As medical research groups grapple with the deadline of producing the world's first vaccine to prevent the spread of COVID-19, Dr Anthony Fauci, Director, National Institute of Allergy and Infectious Diseases let out a statement saying that expecting a vaccine soon remains far-fetched, adding that he is "cautiously positive" about having a vaccine ready by early months of June 2020.One of the prime candidates involved in the global vaccine race is US-based Moderna Inc., which is overseeing phase III study and trials of its prototype, mRNA-1273. US authorities have also launched 'Operation WarpSpeed' to facilitate and accelerate the production of a vaccine and speed up the regulatory process.
Fauci's comments came in the backdrop of United Nations Academic Impact '75 for UN75: 75 Minutes of Conversation' event, where he talked about the rampant rise in the rate of infections globally, particularly in the United States, which is now the worst affected countries globally.
"We've adapted a strategic approach to getting multiple candidates and there is more than one candidate vaccine to be conducted in trials in a harmonised way so that we use standard endpoints, standard and single data and safety monitoring board as well as identical immunological parameters that are measured so that you could bridge one study to another."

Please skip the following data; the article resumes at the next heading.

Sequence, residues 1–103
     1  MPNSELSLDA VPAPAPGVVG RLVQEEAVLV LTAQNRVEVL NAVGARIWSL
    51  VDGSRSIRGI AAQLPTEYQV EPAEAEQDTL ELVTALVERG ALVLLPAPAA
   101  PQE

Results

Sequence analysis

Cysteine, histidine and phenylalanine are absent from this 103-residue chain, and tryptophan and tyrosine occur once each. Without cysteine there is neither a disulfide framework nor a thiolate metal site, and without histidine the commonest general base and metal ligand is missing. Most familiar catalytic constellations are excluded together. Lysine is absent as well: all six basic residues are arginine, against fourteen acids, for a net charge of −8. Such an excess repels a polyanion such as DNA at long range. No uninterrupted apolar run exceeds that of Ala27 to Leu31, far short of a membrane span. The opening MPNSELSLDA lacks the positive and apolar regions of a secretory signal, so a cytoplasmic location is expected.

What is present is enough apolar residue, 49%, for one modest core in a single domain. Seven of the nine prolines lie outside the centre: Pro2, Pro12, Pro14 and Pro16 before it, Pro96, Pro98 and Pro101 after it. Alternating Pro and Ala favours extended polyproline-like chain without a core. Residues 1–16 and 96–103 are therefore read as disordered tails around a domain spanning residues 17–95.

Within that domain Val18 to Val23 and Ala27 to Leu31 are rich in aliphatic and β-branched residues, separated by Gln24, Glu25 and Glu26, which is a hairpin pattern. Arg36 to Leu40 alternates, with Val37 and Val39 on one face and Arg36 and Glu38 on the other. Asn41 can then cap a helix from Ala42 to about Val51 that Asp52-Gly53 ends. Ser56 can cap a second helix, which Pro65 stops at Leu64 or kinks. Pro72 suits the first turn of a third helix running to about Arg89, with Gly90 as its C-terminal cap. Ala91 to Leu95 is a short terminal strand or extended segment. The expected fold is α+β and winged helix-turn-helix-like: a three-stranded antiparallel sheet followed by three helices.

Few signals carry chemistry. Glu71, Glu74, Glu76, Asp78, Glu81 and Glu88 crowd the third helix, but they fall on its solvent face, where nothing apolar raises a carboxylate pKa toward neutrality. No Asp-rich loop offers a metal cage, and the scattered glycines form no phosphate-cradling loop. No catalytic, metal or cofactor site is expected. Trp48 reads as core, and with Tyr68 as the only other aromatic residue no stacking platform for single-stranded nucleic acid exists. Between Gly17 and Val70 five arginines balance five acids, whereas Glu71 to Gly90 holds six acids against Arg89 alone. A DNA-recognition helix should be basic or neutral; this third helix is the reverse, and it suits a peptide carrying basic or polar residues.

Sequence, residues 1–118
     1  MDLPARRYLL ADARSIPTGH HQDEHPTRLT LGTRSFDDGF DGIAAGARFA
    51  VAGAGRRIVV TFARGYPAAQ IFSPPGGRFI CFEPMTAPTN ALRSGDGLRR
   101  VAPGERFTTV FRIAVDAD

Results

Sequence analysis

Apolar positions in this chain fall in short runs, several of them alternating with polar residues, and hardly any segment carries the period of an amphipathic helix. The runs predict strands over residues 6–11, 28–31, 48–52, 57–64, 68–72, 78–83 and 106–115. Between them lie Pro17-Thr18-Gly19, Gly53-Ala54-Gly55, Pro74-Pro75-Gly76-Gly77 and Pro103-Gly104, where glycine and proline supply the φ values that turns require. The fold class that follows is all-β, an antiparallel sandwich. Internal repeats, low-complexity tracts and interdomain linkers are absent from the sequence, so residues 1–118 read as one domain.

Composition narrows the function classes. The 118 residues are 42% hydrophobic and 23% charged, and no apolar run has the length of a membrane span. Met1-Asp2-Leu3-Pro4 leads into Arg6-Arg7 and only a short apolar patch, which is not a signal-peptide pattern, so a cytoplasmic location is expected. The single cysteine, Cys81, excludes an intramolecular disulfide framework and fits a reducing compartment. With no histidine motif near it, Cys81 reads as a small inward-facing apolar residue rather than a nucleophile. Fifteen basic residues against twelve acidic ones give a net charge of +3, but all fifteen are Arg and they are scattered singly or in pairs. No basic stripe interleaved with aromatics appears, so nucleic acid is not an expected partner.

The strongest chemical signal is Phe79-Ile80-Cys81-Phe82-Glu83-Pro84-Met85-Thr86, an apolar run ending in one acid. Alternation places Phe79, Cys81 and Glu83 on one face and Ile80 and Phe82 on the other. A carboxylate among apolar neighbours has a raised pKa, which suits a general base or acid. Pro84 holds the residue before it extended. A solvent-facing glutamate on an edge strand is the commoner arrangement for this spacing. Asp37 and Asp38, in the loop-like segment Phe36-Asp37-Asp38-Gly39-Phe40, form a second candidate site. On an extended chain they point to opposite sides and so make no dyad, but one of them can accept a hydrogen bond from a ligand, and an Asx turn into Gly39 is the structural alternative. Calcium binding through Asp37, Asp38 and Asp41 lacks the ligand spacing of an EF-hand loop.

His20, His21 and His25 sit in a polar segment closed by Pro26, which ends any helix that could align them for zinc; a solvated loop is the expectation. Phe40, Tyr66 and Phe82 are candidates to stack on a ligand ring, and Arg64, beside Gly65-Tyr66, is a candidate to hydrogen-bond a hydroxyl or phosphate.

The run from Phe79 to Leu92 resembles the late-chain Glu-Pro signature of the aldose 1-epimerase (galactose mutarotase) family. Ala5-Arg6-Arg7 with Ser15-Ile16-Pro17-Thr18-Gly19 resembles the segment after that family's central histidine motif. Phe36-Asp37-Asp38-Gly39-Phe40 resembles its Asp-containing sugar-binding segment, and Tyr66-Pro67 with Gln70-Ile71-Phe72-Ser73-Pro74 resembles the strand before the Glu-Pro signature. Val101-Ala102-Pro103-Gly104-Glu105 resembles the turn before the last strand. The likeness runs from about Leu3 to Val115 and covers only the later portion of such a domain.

"Phase one looks good, very promising data on the induction of neutralising antibody and will go into the trial at the end of July. There are 5-7 candidates that are going into clinical trials at different stages. There is no guarantee that ongoing efforts will produce a safe and effective vaccine to prevent infection by the virus"
Fauci also said that curbing the pandemic is a lesson for countries dealing with public health.
Globally, several countries, including the UK, India and China are working on producing a vaccine to tackle COVID-19. Clinical trials are being expedited at several places for the same.